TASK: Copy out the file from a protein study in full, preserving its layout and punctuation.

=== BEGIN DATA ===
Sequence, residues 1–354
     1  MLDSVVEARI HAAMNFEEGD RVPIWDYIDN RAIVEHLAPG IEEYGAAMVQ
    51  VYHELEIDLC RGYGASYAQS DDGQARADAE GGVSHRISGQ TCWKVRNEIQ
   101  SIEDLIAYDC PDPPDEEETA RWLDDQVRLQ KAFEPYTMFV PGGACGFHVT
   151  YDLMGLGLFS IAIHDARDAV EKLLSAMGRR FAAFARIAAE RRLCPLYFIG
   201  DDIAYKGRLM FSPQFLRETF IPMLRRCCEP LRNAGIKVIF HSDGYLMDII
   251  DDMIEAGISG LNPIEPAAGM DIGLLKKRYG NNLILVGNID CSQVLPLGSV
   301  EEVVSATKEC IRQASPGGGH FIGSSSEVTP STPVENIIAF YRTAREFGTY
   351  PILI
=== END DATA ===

Sequence, residues 1–354
     1  MLDSVVEARI HAAMNFEEGD RVPIWDYIDN RAIVEHLAPG IEEYGAAMVQ
    51  VYHELEIDLC RGYGASYAQS DDGQARADAE GGVSHRISGQ TCWKVRNEIQ
   101  SIEDLIAYDC PDPPDEEETA RWLDDQVRLQ KAFEPYTMFV PGGACGFHVT
   151  YDLMGLGLFS IAIHDARDAV EKLLSAMGRR FAAFARIAAE RRLCPLYFIG
   201  DDIAYKGRLM FSPQFLRETF IPMLRRCCEP LRNAGIKVIF HSDGYLMDII
   251  DDMIEAGISG LNPIEPAAGM DIGLLKKRYG NNLILVGNID CSQVLPLGSV
   301  EEVVSATKEC IRQASPGGGH FIGSSSEVTP STPVENIIAF YRTAREFGTY
   351  PILI